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NOTES ON PROPER NAMES.
“HANS fans.com bere, mog pop From This was before academies for writing
mynheer, knows you vot for were had I calls my poy Hans ?"
ont letters patent for his invention of “ No, indeed sir, I cannot think of letters. Billets, it is true, had been sent any peculiar fitness in it.”
before, but they were billets of wood, * Well, mynheer, it ish because that addressed rather to the head than ish his name."
the understanding. Cain is supposed Here ended the question with our to be the originator of this kind of simple-minded Dutchman, here it ends epistlatory correspondence. Forging was, with most inen, who never ask why of course, impossible. By a singunames should be suffered to lord it over lar coincidence, this was first heard of things. But philosophy, which is al- the days of Tubal Cain, whose impuways permitted to step in when utility dence in that respect caused a particular steps out, has a longer inquisition in the mention of his " brass;" and the sad case. To Hans it were enough to know consequence is not omitted, that he was that the rough aspirate-dasal-hiss, is his “first who walked in irons”-very sug. name, and he would hardly be so wise gestive of the fate of forgers to this day as to let sour-krout wait for him to set- —thus early, in its history, humauty is tle the wherefore of his having any seen limping with its two Cains! name, or that name in which he was You may suppose that Adam, or the summoned to dinner. But philosophy first man, bore a proper name, though a never dines, and to her it imports much little stained with apple-juice. But why he was so called; and she might this is from a misapprehension of the cusfroin so short a text preach an endless toms of the time. It has become so dissertation on philology, anatomy, the well known as to be a proverbial phrase progress of civilization, and the arts, and that every human, at his debut in this the great science of nomenclature. But world is a " little red baby ;" it is a birth if she has her head, nobody else could mark from his father Adam, who was ever dine; so nstead of our going into made of red clay from the disintegrated the wilderness of wisdom opened up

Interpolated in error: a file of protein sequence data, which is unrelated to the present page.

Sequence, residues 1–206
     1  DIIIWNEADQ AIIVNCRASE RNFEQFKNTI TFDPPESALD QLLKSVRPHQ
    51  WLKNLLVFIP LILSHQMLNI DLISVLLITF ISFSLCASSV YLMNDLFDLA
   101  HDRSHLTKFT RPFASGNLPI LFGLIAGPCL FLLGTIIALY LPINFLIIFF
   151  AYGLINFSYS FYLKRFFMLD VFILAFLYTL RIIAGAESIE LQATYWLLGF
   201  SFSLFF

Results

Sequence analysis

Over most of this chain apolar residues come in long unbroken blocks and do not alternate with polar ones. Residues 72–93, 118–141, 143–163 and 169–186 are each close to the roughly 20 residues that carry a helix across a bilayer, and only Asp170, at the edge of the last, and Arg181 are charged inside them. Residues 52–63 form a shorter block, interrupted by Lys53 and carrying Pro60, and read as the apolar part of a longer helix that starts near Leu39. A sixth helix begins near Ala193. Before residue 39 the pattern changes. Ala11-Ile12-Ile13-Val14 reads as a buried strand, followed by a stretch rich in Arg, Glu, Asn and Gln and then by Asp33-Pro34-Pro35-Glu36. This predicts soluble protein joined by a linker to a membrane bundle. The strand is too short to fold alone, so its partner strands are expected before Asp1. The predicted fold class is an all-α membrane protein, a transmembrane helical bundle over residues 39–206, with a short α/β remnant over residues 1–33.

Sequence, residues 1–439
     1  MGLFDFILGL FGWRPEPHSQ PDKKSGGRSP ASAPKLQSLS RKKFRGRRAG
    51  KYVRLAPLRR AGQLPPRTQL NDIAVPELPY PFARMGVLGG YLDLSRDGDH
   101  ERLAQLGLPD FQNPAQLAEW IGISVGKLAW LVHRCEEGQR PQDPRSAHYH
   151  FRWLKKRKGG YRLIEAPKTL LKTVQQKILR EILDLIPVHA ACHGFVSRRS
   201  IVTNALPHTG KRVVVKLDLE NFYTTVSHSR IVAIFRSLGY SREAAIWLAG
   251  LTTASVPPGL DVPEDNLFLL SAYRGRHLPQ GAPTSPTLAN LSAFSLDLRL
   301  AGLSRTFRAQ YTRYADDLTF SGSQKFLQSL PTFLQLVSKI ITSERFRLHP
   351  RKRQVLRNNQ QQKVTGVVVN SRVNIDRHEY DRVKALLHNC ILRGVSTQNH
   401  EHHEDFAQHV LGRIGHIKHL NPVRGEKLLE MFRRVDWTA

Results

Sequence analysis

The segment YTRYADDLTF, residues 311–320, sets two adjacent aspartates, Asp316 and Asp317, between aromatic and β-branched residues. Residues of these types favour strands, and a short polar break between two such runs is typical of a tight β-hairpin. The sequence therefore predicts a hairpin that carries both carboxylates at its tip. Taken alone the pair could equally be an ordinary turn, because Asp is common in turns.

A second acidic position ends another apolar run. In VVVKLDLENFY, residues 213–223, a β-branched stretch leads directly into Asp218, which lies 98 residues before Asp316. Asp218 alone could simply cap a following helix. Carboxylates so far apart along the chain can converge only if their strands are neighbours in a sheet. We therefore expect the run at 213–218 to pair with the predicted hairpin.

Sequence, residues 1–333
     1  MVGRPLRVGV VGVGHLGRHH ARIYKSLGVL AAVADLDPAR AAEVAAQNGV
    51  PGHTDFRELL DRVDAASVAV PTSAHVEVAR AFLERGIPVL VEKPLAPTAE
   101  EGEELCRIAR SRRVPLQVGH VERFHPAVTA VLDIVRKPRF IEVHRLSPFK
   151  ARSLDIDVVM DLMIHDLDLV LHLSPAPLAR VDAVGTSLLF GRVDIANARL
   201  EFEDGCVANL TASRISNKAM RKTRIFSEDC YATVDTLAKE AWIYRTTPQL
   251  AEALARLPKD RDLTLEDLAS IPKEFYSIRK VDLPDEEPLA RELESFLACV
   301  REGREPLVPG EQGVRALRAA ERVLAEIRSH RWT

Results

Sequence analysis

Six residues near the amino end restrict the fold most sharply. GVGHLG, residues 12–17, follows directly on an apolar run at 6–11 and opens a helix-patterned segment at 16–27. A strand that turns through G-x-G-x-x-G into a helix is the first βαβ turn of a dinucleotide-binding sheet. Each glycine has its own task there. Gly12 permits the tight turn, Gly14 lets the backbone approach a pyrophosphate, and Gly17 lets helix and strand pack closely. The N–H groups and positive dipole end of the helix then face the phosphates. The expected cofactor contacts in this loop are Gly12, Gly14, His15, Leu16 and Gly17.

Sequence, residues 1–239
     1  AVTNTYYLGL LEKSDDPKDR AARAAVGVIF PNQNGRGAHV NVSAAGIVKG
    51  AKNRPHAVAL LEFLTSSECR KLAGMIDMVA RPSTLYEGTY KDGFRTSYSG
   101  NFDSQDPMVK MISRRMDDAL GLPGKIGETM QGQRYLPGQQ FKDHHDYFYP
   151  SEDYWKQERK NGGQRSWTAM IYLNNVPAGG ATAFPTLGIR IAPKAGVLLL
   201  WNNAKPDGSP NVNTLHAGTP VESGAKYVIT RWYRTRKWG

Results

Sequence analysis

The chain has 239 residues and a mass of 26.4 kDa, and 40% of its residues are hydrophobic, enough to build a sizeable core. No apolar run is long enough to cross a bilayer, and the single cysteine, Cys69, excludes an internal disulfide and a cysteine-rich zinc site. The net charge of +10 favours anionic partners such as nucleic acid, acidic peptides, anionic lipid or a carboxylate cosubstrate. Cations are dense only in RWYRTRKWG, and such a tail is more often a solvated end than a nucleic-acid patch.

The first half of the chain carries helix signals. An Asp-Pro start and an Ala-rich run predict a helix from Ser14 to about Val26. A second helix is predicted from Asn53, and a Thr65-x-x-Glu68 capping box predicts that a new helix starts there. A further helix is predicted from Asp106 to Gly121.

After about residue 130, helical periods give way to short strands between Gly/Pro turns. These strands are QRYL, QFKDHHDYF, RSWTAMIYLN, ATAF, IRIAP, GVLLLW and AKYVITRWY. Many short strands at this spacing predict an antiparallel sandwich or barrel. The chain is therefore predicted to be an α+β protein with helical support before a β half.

by his red sand-stone with which the earth was raine, Hans may go to his father the underpinned. For this reason he was D— Dutchman, and we will go to the called Adam, that is Redey, just as limited consideration of proper names. naughty boys say darkey, to people of a